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Consulate Processing & Adjustment of Status

Citizens of foreign countries who wish to obtain permanent resident status in the U.S. generally must obtain immigrant visas at the nearest Consulate or U.S. Embassy.

In consular processing, the interview for an immigrant visa takes place at a U.S. embassy or consulate located (with some exceptions) in the foreign person's country of nationality.

When your family-based immigration or employment-based immigration petition is approved, USCIS sends it to the National Visa Center (NVC). After NVC receives the petition, it will create a case record and assign a case number, usually within 24 hours of being received from the USCIS. NVC retains the case until it is ready for adjudication by a consular officer abroad. Petitions may remain at NVC for several months or for many years depending on the visa category and country of birth of the visa applicant. When an applicant's case is about to become current (a visa is likely to be available within the year), the petition is forwarded to the appropriate U.S. embassy or consulate overseas.

Adjustment of status ("AOS") is a procedure that allows an eligible applicant to become a lawful permanent resident of the United States without having to go abroad and apply for an immigrant visa. Another alternative to AOS is Consular Processing.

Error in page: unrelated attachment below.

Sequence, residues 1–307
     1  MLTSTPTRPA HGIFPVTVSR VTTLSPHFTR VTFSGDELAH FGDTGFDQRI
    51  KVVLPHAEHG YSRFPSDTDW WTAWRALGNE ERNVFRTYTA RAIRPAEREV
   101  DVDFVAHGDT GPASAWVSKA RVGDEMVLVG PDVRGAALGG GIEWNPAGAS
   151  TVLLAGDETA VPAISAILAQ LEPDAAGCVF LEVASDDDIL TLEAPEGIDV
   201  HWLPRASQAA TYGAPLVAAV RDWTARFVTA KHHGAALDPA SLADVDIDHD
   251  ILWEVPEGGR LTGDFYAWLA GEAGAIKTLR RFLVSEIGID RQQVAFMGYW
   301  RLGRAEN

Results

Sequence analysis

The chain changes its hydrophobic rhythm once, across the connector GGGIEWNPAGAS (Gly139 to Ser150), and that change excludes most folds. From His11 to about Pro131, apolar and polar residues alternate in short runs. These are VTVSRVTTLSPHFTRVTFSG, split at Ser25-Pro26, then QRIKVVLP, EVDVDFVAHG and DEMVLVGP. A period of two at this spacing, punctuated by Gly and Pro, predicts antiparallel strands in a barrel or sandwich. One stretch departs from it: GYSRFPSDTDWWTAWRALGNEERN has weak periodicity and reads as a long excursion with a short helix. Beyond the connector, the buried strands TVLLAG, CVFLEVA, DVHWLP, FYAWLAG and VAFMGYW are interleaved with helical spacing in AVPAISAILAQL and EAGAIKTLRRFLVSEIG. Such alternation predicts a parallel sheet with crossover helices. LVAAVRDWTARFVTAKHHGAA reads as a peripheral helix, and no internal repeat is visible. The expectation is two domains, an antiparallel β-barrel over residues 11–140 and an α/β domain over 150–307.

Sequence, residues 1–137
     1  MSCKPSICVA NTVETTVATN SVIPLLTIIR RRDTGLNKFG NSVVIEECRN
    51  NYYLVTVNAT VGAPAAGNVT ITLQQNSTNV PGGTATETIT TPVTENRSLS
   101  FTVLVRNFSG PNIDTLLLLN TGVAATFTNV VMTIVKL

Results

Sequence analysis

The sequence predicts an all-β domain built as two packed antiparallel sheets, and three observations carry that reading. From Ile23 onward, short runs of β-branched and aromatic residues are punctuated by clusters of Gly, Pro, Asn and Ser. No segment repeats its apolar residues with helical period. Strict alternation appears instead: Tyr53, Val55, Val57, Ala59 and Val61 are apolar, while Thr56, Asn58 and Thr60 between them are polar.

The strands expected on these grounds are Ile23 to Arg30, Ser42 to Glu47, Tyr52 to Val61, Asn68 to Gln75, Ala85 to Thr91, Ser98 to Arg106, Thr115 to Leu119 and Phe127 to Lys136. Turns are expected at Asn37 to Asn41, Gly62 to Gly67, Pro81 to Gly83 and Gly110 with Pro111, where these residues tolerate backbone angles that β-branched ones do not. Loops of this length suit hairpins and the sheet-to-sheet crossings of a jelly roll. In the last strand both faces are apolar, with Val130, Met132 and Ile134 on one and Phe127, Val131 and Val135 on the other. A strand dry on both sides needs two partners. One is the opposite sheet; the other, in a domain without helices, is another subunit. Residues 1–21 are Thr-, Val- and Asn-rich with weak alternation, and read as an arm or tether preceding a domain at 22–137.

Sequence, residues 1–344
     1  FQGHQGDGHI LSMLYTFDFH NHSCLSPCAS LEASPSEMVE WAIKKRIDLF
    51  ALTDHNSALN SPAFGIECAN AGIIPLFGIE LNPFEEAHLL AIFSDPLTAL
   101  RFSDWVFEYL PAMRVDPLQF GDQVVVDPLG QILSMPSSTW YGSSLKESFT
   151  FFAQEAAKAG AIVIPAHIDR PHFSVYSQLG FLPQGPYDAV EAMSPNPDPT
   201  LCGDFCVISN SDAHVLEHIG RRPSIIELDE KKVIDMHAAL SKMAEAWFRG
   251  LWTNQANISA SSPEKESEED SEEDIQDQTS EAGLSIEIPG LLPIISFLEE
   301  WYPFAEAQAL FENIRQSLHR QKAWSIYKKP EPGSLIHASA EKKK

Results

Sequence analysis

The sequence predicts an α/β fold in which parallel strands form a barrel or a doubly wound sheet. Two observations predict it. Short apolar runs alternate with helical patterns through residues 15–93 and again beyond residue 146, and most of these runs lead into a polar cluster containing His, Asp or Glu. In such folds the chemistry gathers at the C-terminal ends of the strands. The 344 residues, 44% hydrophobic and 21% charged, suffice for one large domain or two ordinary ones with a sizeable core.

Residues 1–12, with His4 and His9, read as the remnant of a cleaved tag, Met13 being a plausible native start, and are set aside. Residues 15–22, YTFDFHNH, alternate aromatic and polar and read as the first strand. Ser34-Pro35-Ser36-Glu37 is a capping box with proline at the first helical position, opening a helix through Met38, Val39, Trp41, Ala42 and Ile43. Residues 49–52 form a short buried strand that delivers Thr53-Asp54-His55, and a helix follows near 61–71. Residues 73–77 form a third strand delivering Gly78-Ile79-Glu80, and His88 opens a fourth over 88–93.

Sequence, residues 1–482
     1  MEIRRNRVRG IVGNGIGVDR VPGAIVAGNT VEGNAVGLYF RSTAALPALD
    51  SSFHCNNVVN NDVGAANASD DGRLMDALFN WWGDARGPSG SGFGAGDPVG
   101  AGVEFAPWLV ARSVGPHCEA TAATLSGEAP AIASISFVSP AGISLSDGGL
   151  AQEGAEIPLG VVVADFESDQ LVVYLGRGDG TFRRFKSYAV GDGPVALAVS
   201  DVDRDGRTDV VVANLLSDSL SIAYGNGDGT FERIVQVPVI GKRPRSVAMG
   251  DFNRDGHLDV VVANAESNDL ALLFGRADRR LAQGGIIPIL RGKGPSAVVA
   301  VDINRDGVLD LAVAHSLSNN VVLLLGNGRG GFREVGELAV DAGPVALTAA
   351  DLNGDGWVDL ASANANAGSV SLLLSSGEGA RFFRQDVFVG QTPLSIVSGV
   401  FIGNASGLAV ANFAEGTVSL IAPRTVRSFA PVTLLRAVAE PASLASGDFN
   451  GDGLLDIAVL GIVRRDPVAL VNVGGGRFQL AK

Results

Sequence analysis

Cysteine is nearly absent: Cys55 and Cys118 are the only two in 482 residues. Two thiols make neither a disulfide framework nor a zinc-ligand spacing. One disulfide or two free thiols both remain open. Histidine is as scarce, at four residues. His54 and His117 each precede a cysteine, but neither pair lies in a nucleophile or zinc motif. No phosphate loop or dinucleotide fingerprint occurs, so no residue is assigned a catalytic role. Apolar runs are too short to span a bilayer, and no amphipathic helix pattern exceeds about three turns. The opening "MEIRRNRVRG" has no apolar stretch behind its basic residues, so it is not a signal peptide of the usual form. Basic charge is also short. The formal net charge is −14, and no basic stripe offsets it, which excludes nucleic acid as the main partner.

Adjustment of status concerns your personal history, such as health, finances, places of residence, family, and political and criminal background.

Between the time the adjustment of status's application is filed and it is approved, the applicant is considered to be in legal status as an "applicant to adjust status."

If a person entered the U.S. illegally, that person is barred from adjusting his status to permanent resident even if he or she marries a U.S. citizen or otherwise becomes an immediate relative. An immediate relative must meet the eligibility requirement of being admitted or paroled into the United States.

Generally, person must be in status all the times in order to file Adjustment of Status. Exceptions to this are, if the person had stayed illegally for less than 180 days, he/she can apply for AOS. If he/she had stayed illegally for more than 180 days but the priority date is earlier than January 14, 1998 or qualifies under LIFE act, he/she can still apply for AOS by paying $1000 fine. All other persons must do consular processing abroad.

 
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